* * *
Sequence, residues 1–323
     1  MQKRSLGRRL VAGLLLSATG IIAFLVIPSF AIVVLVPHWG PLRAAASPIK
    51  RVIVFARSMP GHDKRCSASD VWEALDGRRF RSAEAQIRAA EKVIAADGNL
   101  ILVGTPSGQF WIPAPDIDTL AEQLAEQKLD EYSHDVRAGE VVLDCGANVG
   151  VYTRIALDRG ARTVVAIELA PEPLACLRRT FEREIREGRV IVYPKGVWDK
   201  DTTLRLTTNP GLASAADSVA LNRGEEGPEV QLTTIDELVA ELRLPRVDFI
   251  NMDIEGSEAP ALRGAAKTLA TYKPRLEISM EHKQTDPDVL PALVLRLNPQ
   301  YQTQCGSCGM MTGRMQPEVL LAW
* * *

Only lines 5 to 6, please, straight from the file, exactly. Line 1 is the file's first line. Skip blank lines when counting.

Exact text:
   151  VYTRIALDRG ARTVVAIELA PEPLACLRRT FEREIREGRV IVYPKGVWDK
   201  DTTLRLTTNP GLASAADSVA LNRGEEGPEV QLTTIDELVA ELRLPRVDFI